As devastating fires claim scores of homes in the Perth Hills a tropical low is tracking down the north-west coast, a transient Tasman low is brewing in the east and a front is making its way across the Bight.

Key points:

  • Although temperatures are expected to ease, dry, windy conditions will continue to make firefighting difficult in south-west WA
  • The low that has been tracking along the WA coast is no longer expected to reach cyclone level in the coming days
  • A cold front and cut-off low pressure system is expected to bring thunderstorms to the south-east at end the week

Temperatures are expected to drop from the high to low 30s on the firegrounds today, but there is little rain on the way and the Bureau of Meteorology says wind will continue to cause problems over the next few days.

Senior forecaster Jonathan How said a number of wind changes were expected and their unpredictability was likely to be compounded by the low tracking down the West Australian coast.

“The position of that low is going to be very important to the actual fire conditions further south, closer to Perth,” he said.

Mr How said the low could increase the strength of easterly winds, which may in turn fan the flames.

Rain further south would of course be welcome.

“But certainly there is a chance of getting some increased severe weather across the south-west of WA, including Perth.”

The low pressure system has been slowly making its way down the west coast since last week.


It was forecast to cross the coast and spin up to cyclone-level wind strength, but the latest forecast suggests it will remain a tropical low, at least for the next few days.

As a low it has still produced heavy rain — data is patchy, but it appears there were widespread falls of 50 to 100mm in the 24 hours to 9am on Tuesday.

Wild weather for the south-east

Meanwhile there is a transient Tasman low in the southern Tasman sea, but Mr How says the next system, which is brewing in the Great Australian Bight, is the one worth watching.

Synoptic forecast charts of the coming days showing the tropical low to the west, small low to the east and a developing low and frontal system in the Bight.(Supplied: Bureau of Meteorology)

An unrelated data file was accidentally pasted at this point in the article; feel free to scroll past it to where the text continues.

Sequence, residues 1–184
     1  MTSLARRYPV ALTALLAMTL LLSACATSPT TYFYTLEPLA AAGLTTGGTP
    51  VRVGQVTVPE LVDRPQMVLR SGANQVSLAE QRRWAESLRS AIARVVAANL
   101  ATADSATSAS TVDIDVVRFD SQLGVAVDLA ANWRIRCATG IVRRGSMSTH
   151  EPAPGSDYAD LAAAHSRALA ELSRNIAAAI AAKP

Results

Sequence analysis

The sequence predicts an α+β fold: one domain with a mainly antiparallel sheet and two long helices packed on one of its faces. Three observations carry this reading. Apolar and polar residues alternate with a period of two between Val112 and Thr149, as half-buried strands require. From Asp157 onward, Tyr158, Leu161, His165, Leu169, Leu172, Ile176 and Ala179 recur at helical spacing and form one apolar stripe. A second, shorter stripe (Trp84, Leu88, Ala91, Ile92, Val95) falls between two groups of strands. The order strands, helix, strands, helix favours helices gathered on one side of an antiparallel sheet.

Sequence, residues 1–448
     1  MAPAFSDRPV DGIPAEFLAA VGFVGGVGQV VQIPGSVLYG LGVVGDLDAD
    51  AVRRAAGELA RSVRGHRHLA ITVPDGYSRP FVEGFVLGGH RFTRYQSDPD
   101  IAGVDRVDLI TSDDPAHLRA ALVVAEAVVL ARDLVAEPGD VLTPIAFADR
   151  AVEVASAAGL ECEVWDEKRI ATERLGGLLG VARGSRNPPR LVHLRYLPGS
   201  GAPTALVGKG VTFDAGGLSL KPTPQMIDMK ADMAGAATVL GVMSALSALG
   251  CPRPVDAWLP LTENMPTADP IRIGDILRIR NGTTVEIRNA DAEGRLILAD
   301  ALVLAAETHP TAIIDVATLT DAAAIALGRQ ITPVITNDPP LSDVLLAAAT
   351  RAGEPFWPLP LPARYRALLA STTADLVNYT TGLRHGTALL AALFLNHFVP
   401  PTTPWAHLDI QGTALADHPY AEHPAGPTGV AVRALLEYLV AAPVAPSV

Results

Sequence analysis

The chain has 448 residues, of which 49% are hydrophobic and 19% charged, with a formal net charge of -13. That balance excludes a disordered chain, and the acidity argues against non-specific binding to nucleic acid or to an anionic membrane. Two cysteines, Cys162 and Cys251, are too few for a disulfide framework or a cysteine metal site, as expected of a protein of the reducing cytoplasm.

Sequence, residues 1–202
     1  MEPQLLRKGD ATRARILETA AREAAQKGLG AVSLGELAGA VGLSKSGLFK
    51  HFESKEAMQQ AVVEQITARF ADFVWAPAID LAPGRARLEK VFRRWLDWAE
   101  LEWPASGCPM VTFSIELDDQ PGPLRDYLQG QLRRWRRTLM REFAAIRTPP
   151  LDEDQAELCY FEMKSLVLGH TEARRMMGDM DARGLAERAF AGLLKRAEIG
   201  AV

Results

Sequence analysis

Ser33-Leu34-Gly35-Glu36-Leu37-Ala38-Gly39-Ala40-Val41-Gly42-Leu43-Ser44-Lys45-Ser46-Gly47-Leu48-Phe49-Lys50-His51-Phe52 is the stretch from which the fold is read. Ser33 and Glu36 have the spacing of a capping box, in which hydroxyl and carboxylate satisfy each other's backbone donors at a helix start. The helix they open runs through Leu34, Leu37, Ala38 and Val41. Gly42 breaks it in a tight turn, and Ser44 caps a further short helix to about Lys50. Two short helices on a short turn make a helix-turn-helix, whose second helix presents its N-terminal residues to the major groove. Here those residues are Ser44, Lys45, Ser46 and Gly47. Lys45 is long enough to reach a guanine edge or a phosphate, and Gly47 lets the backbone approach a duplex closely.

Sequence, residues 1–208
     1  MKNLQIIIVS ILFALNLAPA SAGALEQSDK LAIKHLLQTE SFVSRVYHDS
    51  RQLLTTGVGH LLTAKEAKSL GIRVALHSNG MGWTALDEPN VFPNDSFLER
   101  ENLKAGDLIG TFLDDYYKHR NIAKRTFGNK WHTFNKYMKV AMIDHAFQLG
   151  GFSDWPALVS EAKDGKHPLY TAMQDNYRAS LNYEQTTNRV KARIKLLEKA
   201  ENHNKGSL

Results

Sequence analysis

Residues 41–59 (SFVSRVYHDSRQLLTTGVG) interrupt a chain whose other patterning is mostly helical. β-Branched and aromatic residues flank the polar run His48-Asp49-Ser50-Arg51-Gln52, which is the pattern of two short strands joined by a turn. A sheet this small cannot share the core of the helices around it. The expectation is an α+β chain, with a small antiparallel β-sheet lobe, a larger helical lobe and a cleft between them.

A cold front and cut-off low pressure system is expected to develop across the Bight later today and into this evening before the impacts are felt on the mainland from Thursday.

For South Australia, the main influence was expected to be the wind, Mr How said, along with some showers on the coast.

The south-west has largely missed out on wetter conditions over the last six months.(Supplied: Bureau of Meteorology)

“But then this cold front and system is going to link up with a surface trough over Victoria and New South Wales and Tasmania on Friday,” he said.

Mr How said there was still uncertainty as to where the centre of the low was going to be, but regardless of where the storms form, humidity was expected to be high because of all the tropical moisture being dragged down.

“There is the potential for some fairly widespread severe weather across South Australia, Victoria, Tasmania and southern New South Wales on Thursday through to Saturday.”

Mr How said thunderstorms would be building in Victoria from Thursday, but Friday was likely to be the peak day, particularly across eastern parts of the state.

“We could see some pretty heavy falls and severe thunderstorms right across eastern Victoria, down into Tasmania and also up through southern New South Wales and the ACT,” he said.

In the meantime, monsoonal conditions are continuing to deliver in the tropics.

It will be worth keeping up with the warnings, no matter where you are.